Many people are familiar with “The 10 Essentials”: ten items you should carry with you at all times when you are adventuring outdoors. These items are necessary to keep you safe in case of an emergency. This list was established in the 1930s, and has been updated based on modern technology and resources.
1. Navigation – Map and Compass. Even if you have traveled in an area dozens of times, and are absolutely certain that you know where you are going, bring a map! Trails are maintained and moved, plants look different as the seasons change, and trails are closed without clear alternative routes. Especially after a fire, everything looks different! A map and compass are a little thing that can keep you safe. In addition, you need to know how to use these two things together! Why not fully rely on a GPS? Beside it being heavier, the batteries can die or the unit can malfunction. Sticking to the basics is a safe bet.
2. Sun Protection – A sunburn is more than just uncomfortable; it is dangerous. The sun drains energy and nutrition. Your body becomes dehydrated. The negative side effects of sun exposure can be avoided by simple sun protection. Sunglasses, sunscreen, a hat, and a few light layers keep you comfortable and safe. Many clothing lines carry layers which have UV protection.
3. Insulation – warm layer and rain layer. A sunny day can turn into a chilly night, or mountain rain showers can appear unexpectedly. A lightweight rain layer (look for something rain proof, not just water resistant) and a warm fleece jacket are worth their weight in gold. They will keep you comfortable and safe while exploring your favorite spots.
4. Illumination – headlamp/flashlight. Hiking during the day is no reason to leave the flashlight behind. Be prepared for the unexpected! Not only is illumination needed if you get caught out after dark, you can increase the fun if you run into a dark spot to explore something such as a cave or old mine. Headlamps have the distinct advantage of being hands-free, but make sure whatever you carry has good batteries! (and bring extras…)
5. First-aid supplies – More than just a few bandaids. Outdoor first-aid kits are available in a variety of sizes depending on your activity and length of trip. A minor incident can be prevented from turning into a major emergency with a few well-planned supplies. Make sure you check in with your adventure partner or group. Does anyone have asthma? Take medication? Allergies? If someone has asthma, make sure they have a working inhaler. If allergies, that they carry an epi-pen and you know where it is located and how it is administered. Need a list of recommended supplies? Email firstname.lastname@example.org!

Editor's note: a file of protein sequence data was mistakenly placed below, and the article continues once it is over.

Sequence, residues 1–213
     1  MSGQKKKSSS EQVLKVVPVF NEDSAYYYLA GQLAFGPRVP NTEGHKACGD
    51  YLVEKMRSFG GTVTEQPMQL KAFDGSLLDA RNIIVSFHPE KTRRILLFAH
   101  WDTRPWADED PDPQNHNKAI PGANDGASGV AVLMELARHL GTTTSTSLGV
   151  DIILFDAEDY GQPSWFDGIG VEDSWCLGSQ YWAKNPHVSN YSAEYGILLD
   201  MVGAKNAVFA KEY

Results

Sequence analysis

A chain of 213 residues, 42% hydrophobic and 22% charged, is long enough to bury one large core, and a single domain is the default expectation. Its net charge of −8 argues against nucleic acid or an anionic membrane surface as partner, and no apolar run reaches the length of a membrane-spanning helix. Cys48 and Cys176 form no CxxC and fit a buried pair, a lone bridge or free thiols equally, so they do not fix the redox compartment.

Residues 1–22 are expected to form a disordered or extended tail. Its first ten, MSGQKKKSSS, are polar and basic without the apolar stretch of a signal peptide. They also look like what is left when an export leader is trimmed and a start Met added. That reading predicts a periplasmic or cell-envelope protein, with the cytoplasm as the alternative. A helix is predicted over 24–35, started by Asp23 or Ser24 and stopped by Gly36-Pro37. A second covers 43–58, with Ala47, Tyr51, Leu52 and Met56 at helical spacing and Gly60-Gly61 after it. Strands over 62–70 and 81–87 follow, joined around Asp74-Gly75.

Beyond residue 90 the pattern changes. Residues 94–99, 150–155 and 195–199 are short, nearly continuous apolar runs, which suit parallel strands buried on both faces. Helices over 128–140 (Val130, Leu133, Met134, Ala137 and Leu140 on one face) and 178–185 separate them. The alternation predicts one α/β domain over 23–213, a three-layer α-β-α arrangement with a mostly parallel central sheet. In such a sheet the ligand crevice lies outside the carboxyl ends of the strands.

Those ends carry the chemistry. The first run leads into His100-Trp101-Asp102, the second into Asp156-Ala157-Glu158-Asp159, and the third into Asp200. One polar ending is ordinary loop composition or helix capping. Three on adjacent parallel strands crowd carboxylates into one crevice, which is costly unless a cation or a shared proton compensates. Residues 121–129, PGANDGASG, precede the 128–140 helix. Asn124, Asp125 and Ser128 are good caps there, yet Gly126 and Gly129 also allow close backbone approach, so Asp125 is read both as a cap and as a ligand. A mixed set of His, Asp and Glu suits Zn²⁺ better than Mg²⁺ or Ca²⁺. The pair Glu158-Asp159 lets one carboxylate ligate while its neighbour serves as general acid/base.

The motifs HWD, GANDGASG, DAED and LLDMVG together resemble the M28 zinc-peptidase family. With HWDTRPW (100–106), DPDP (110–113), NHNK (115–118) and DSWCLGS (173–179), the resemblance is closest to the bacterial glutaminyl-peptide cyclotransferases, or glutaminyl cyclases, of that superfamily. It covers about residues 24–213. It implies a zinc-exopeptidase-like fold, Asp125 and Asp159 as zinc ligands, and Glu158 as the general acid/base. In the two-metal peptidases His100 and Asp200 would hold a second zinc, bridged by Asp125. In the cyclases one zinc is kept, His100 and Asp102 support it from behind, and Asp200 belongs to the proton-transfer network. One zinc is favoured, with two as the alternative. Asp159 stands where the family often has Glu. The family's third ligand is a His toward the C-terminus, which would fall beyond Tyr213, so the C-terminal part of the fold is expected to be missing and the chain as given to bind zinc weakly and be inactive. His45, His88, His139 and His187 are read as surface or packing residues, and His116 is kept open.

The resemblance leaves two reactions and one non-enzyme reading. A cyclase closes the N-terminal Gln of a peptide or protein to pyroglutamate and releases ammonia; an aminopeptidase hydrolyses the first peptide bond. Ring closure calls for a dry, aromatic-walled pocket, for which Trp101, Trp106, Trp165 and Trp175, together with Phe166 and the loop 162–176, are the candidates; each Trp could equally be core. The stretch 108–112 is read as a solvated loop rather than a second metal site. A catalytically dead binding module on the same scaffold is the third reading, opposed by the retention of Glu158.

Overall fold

6. Fire – waterproof matches/lighter/candles. Having the ability to start a fire means the ability to cook, get warm, provide light, and create a signal when lost or in need of help. A few matches weigh nearly nothing, and can make a big difference if you are in a bind.
7. Repair kit and tools – If you are biking, an extra inner tub is a smart choice to remember. But so is the rubber cement to repair your inflatable sleeping pad! And a multi-tool like a Leatherman or Gerber is great for getting the job done with less effort and quicker results. Even a simple Swiss Army knife will do for the little jobs. Duct tape is an essential in the repair kit, first aid kit, AND tool kit! Don’t leave these things behind.
8. Nutrition – A few protein bars, trail mix, and a piece of fruit is great for a day hike. Make sure to bring MORE food than you think you will need. Hiking and climbing take it out of ya’! Plan for more calories than you usually eat, and bring something extra in case one of your friends isn’t quite as prepared.
9. Hydration – Water. Water. Water. Bring it. Drink it. A daypack with a Camelbak or Platypus (with a lock so it doesn’t leak) is a convenient way to get your water around. It is recommended to bring 1 quart for each hour you plan on traveling, and then bring a little more just in case. A water filter or purification tablets can help cut down on the weight water adds, but make sure there is water available on the trail before relying on that option.
10. Emergency Shelter – If you have slept in a bivy bag, you know. Getting caught overnight unexpectedly can happen in even the most well planned-out circumstances. A simple tarp would work but an added space blanket would be even better.
We’d love to know what your favorite “essential” that you bring along on your outdoor adventures is……(comment below!)